A question about multiple life sentences.

United States
January 4, 2009 2:36pm CST
I mean how can anyone serve more than one life sentence. Do they count resurrection as a second life? If it is not counted as a second life then what is the point of multiple life sentence? Its not like anyone could respawn? and if they could respawn would that be counted as second life? If a prisoner dies and is reincarnated into another human will he/she be put back in prison to serve the other life sentence? If so wouldn't that be unfair. Wouldn't it be like punishing someone for the crimes their relatives or friends did?
2 people like this
9 responses
@myklj999 (20752)
4 Jan 09
One of the reasons is that if one sentence is overturned on a legal technicality, the person will remain in prison due to the other sentences.
3 people like this
• United States
4 Jan 09
The purpose of multiple life sentences is to make sure that the person spends the majority of, if not the full remainder of their life in prison. Many times multiple life sentences also carry no chance of parole, or parole after the second term. "Life" in prison is not really life, but a specified number of years.
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@paoxav (1382)
• Philippines
5 Jan 09
well said.. i agree on this one..
1 person likes this
@jlamela (4909)
• Philippines
5 Jan 09
In the Philippines, multiple life sentence also existed in the law. I am also confused and could not comprehend exactly how the law managed to formulate this illogical punishment. I mean how on earth a person can serve all these punishments if let's say he is 50 years old when he committed the crime and got a sentence with atleast 100 years. It did not make any sense anyway. I think the justice department must explain their laws carefully so that people will not be confused.
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@srijshm (1165)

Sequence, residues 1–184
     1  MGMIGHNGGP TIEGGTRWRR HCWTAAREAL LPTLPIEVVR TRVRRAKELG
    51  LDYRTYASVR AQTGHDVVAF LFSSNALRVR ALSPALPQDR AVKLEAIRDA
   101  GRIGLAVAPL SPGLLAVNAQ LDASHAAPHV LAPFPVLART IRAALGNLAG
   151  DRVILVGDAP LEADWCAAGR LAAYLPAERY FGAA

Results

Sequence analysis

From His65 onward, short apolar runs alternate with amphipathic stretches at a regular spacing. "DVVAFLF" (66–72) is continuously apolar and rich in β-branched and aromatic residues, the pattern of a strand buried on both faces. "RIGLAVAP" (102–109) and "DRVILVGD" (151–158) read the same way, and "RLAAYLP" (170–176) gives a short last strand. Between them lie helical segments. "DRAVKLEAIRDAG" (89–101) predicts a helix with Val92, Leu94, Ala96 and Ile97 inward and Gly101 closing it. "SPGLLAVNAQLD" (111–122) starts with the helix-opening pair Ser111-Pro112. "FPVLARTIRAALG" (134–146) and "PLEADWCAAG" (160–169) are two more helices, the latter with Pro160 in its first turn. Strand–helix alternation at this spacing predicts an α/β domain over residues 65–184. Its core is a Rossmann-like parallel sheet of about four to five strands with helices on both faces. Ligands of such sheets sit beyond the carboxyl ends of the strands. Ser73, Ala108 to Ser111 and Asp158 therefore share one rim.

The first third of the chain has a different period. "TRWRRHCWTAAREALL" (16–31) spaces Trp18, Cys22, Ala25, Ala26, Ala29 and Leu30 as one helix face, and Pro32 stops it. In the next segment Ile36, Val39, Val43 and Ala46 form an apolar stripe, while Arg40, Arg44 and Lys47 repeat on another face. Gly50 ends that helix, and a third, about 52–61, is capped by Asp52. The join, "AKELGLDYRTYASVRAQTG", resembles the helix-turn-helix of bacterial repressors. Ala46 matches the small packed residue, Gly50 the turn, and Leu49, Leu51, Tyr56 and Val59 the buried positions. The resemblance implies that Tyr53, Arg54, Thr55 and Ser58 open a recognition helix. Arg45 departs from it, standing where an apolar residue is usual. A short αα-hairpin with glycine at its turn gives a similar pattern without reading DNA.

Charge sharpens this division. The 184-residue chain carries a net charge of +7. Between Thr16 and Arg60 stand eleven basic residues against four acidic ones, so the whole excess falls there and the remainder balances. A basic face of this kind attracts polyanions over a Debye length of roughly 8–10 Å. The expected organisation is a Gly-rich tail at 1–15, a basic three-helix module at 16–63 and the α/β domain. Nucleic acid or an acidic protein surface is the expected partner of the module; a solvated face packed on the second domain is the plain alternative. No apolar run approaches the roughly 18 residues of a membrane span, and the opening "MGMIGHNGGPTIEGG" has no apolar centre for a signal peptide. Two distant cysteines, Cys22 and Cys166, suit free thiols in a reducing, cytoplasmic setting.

• India
5 Jan 09
Multiple life sentences are useful when the prisoner completes 14 years & applies for pardon. If the prisoner has two life sentences then he/she needs to complete 28 / 42 years of prison before applying for an early discharge. Wha else can a judge do when the law does not permit capitol punishment??
1 person likes this
• United States
5 Jan 09
I think it simply means that is a better chance of the person staying in prison for the rest of his life. And as one of the other responses commented those kind of sentences also say there is no possibility of parol.
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@pergammano (7755)
• Canada
5 Jan 09
In Canada, multiple life sentences simply means that one will never be paroled! A single life sentence is 25 years, and therefore parole is entertained after 2/3 of the sentence is served...that is 16 years! But if parole should be granted on the first sentence, the second one would come into play, and so forth!
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@Sheldon25 (193)
• Jamaica
5 Jan 09
Hello, my take on this question in my country a person who gets life sentence normally 25 years or more is considered life so a person can get more than one life sentence. To me if a Judge gives a person 3 twenty five years to life and sentence should be done consecutive. That's just simple telling me the person will not have the opportunity to apply for parole. That's just my views THANKS.
• United States
5 Jan 09
If a life sentence is not forever then why have a life sentence at all. They could just sentence the guy to 25 years in prison instead of life.
• Jamaica
5 Jan 09
I think they simple mean that from its 25 years it is a life sentence.
@uath13 (8207)
• United States
5 Jan 09
Well there's always the point that if they were able to get one overturned they'd still be spending life in jail for the other ones. To get out they'd have to get all of them overturned which would be far more difficult. Also if they asign an actual # of years then they get added up to ensure the prisoner doesn't outlive it.
• India
5 Jan 09
In a way what you say is correct. But I think multiple sentences apply in cases where the same person has committed several crimes at different places and times and all the cases are being tried simultaneously. So if all the verdicts come out at more or less the same time, then of course the person gets convicted many times over. It also means that the person has the least chance of ever getting out …even if he gets parole in one case, he has to serve for all the others.